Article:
After years of legal wrangling, ground finally was broken in Glendale, Arizona for the Tohono O’odham Nation’s 0 million West Valley Resort and Casino. Officials from the tribe and the cities of Glendale, Tolleson and Peoria plus more than 250 guests attended the ceremony. Tribal Chairman Ned Norris Jr. said, “Today is a day that’s been a long time coming. This is the work of generations of the nation’s leaders—the result of a long struggle to turn a great wrong into a new opportunity for our people and for all of Arizona.”
He added the casino “is not an expansion of gaming but a fulfillment of our rights that the voters of Arizona approved.”
The new casino will create 6,000 construction and 3,000 permanent jobs and is expected to take in more than $300 million annually. The development is on land that the Tohono O’odham received as reparation for flooding caused by the Painted Rock Dam, built on the Gila River in the 1960s. Earlier this year the U.S. Department of the Interior took the land into trust on behalf of the tribe. Construction is expected to take 16 months.
The project survived 14 lawsuits over five years, as well as fierce opposition from former Glendale leaders who spent more than $3 million in legal fees and also were ordered to pay nearly $90,000 in court costs for the Tohono O’odham. Recently, however, current Glendale officials and the tribe finalized an agreement that will provide Glendale with $1.3 million a year for 20 years, including a one-time up-front payment of $500,000. The tribe also will donate $100,000 a year to the Glendale Convention and Visitors Bureau to promote Glendale and the West Valley.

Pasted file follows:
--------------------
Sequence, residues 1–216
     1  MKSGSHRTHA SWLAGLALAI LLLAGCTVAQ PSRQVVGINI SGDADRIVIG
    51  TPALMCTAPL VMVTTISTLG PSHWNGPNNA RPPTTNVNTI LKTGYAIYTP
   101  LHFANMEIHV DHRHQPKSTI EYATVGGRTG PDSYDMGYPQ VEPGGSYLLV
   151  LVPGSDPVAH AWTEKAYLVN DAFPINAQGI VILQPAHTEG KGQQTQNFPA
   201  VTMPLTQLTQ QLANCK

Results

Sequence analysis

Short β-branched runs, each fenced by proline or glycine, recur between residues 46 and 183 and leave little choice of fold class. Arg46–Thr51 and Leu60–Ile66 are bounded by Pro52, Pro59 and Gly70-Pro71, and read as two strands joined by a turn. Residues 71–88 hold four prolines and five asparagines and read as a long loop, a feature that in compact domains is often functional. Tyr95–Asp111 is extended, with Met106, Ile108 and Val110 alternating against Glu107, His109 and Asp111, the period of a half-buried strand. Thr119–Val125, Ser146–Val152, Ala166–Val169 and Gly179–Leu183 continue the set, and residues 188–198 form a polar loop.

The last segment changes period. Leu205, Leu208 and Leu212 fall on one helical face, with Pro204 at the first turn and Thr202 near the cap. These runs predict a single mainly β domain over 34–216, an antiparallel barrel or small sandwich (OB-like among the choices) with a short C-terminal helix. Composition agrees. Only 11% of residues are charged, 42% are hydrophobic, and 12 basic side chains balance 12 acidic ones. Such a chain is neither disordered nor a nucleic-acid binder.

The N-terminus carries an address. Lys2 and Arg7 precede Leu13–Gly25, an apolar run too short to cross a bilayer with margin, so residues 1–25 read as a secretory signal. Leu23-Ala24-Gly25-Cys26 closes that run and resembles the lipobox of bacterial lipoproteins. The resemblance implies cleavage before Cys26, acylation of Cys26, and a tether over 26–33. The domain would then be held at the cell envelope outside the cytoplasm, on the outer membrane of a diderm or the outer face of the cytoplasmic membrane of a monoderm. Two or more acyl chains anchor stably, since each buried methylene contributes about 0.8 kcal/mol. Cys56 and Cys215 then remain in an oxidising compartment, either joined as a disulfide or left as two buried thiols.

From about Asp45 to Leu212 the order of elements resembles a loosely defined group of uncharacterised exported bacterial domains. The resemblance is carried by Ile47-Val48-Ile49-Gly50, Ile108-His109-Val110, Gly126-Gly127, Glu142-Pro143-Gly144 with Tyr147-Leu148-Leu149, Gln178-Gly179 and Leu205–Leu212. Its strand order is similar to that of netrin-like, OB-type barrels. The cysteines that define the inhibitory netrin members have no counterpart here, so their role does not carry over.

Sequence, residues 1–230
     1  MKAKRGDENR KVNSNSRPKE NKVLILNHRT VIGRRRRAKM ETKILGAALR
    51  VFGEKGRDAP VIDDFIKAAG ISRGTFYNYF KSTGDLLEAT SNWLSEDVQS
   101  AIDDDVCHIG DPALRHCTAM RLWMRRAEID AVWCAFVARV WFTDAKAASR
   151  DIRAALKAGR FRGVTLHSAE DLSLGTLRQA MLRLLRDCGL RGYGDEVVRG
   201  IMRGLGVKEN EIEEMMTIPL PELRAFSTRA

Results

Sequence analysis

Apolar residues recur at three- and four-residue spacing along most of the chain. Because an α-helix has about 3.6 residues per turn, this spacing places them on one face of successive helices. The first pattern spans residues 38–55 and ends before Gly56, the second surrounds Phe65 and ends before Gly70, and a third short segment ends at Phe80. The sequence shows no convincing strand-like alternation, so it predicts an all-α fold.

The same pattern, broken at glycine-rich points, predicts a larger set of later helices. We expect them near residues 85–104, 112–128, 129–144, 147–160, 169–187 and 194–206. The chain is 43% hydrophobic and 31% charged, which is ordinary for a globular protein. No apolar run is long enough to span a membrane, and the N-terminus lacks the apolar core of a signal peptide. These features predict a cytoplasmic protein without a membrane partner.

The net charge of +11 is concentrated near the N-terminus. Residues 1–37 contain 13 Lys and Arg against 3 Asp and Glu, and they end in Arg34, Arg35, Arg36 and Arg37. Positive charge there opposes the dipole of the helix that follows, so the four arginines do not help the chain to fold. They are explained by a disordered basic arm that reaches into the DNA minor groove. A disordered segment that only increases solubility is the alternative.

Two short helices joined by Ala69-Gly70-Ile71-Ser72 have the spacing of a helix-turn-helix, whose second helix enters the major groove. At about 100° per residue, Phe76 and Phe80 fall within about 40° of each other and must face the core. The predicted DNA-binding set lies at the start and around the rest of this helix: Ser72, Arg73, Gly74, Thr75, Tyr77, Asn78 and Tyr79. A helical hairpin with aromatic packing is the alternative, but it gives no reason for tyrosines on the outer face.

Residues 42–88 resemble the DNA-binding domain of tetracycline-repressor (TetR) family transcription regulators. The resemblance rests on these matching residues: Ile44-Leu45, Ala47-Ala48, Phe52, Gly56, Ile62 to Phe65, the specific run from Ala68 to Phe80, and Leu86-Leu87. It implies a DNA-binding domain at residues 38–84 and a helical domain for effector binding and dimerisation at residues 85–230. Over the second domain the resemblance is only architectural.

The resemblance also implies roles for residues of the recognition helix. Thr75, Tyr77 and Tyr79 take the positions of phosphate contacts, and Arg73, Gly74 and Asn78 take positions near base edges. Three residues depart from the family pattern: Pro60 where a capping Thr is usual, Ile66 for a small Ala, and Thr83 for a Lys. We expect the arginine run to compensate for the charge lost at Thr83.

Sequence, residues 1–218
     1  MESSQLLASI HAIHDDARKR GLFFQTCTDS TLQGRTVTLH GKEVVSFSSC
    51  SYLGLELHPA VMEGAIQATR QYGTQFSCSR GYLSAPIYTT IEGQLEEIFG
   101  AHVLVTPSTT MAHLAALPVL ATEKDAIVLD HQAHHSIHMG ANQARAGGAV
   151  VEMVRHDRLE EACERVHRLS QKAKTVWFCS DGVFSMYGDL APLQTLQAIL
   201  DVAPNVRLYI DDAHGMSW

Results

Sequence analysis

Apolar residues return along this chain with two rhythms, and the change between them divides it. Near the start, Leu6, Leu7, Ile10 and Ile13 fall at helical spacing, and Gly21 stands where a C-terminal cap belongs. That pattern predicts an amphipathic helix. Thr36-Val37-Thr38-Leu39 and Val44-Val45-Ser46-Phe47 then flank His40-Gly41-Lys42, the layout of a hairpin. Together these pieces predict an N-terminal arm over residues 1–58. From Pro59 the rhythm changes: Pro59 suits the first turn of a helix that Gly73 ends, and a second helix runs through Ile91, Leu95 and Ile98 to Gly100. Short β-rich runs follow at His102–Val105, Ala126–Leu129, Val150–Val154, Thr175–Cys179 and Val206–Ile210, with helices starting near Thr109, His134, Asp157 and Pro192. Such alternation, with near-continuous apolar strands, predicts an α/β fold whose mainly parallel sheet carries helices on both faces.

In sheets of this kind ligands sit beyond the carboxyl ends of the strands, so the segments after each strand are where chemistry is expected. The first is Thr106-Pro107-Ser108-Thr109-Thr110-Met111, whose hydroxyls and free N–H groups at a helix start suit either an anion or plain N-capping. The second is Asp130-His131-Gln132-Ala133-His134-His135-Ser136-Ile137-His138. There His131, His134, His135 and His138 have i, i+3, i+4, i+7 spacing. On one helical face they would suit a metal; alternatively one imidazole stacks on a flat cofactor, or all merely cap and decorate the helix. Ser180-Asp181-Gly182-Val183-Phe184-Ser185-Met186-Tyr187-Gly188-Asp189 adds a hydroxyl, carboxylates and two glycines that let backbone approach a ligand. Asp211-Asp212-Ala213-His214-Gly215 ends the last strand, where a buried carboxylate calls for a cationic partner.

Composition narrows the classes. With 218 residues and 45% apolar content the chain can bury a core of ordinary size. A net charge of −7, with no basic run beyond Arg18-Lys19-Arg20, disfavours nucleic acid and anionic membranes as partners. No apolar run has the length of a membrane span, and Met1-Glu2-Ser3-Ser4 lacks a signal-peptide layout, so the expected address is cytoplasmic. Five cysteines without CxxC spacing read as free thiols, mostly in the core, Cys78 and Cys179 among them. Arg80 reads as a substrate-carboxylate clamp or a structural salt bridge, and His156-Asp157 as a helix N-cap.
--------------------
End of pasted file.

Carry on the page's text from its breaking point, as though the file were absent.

The Gila River Indian Community, which owns Wild Horse Pass, the sole West Valley casino, along with other eastern Arizona tribes, spent millions of dollars lobbying federal lawmakers to block the project. Tribal leaders continue to claim the Tohono O’odham development violates a tribal agreement. Norris denies that.